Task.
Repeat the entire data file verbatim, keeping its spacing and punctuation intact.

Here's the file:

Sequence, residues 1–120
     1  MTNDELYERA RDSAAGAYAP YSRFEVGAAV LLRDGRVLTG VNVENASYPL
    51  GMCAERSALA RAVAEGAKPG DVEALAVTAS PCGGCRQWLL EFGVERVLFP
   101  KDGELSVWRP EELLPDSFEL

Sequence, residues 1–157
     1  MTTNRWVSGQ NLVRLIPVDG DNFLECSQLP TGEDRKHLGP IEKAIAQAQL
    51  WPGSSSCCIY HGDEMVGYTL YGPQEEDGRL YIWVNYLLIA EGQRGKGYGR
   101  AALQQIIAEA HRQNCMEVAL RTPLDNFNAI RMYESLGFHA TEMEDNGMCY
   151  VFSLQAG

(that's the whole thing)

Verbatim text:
Sequence, residues 1–120
     1  MTNDELYERA RDSAAGAYAP YSRFEVGAAV LLRDGRVLTG VNVENASYPL
    51  GMCAERSALA RAVAEGAKPG DVEALAVTAS PCGGCRQWLL EFGVERVLFP
   101  KDGELSVWRP EELLPDSFEL

Sequence, residues 1–157
     1  MTTNRWVSGQ NLVRLIPVDG DNFLECSQLP TGEDRKHLGP IEKAIAQAQL
    51  WPGSSSCCIY HGDEMVGYTL YGPQEEDGRL YIWVNYLLIA EGQRGKGYGR
   101  AALQQIIAEA HRQNCMEVAL RTPLDNFNAI RMYESLGFHA TEMEDNGMCY
   151  VFSLQAG